By Michelle Innis
December 15, 2014
An injured hostage was carried from the cafe. The number of casualties was not immediately clear. Credit Peter Parks/Agence France-Presse — Getty Image
Heavily armed police officers ended a hostage siege in Sydney early Tuesday, storming a downtown cafe where an armed man said to be a self-proclaimed sheikh had held employees and customers for more than 16 hours.
Live television images of the scene showed intense flashes of gunfire and the explosive sound of loud ammunition rounds. Police officers raced into the building with weapons drawn, followed by medics with stretchers.
The number of casualties was not immediately clear, but Sky News Australia reported that two people were dead, including the gunman.
“Sydney siege is over. More details to follow,” the New South Wales Police said in a Twitter message at about 2:45 a.m.
Just before the police entered the building, at least six hostages had been seen running from the cafe.
Earlier, the police said that the hostage-taker was Man Haron Monis, an Iranian-born man in his 50s with a criminal record who called himself Sheikh Haron. Australian media reports quoted the man’s former lawyer as saying he was acting alone. But it was unclear whether the gunman had accomplices.
Police officials identified the hostage-taker as Man Haron Monis, a self-proclaimed sheikh with a criminal record. Credit Dean Lewins/European Pressphoto Agency
The siege had transfixed Australia since Monday morning, when the gunman took control of the cafe in central Sydney with an unknown number of employees and customers trapped inside. The man was carrying a black flag with white Arabic script similar to those used by Islamic militants on other continents, and the flag was later displayed in the window of the cafe.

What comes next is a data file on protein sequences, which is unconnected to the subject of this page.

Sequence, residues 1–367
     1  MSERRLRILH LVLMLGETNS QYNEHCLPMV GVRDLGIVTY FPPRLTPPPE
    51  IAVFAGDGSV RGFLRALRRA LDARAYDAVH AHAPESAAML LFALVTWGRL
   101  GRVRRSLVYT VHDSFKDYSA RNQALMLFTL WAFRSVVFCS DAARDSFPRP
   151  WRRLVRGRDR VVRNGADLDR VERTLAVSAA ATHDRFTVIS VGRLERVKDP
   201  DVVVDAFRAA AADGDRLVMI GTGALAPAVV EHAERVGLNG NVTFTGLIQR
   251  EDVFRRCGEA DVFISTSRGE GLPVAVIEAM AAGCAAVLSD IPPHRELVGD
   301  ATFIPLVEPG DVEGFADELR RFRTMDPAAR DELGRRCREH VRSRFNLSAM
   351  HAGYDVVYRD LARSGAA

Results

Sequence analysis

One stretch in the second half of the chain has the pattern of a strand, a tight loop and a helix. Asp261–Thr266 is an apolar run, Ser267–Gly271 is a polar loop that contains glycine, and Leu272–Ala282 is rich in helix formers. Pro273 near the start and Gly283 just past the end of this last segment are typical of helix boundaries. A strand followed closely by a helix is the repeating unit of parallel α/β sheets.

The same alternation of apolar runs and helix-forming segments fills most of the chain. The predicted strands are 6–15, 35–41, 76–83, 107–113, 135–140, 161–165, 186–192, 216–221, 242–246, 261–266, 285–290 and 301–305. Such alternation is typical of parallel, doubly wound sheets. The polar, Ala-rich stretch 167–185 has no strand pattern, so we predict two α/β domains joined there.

Five people, including two cafe employees, had fled by 7 p.m. Monday, but it was not clear whether the assailant had allowed them to leave or they had escaped.
Helicopters hovered over the city, the train network was temporarily stopped and strategic buildings — including the nearby Sydney Opera House, the New South Wales Parliament, the state library, law courts and the Reserve Bank — were evacuated or shut down. Traffic was stopped on part of the Sydney Harbor Bridge.
According to The Age, a national newspaper, Mr. Monis was free on bail in two separate criminal cases. He was charged in November 2013 with being an accessory before and after the fact in the murder of his ex-wife, Noleen Hayson Pal, who was stabbed and set on fire in an apartment in Werrington.
In April 2014, Mr. Monis was charged with the indecent and sexual assault of a woman in western Sydney in 2002.
The police have said that Mr. Monis held himself out as a spiritual healer and conducted business on Station Street at Wentworthville.
Mr. Monis also pleaded guilty in 2013 to 12 charges related to the sending of poison-pen letters to the families of Australian servicemen who were killed overseas, local press reports said.
A website apparently associated with Mr. Monis includes condemnation of the United States and Australia for their military actions against Islamic militants in Iraq and Afghanistan.
A Muslim community leader in Sydney, Dr. Jamal Rifi, said in a televised interview that “everything he stands for is wrong.” “It has nothing to do with Islam as a religion whatsoever, and we have all seen that by his previous action and his current actions,” Mr. Rifi said of Mr. Monis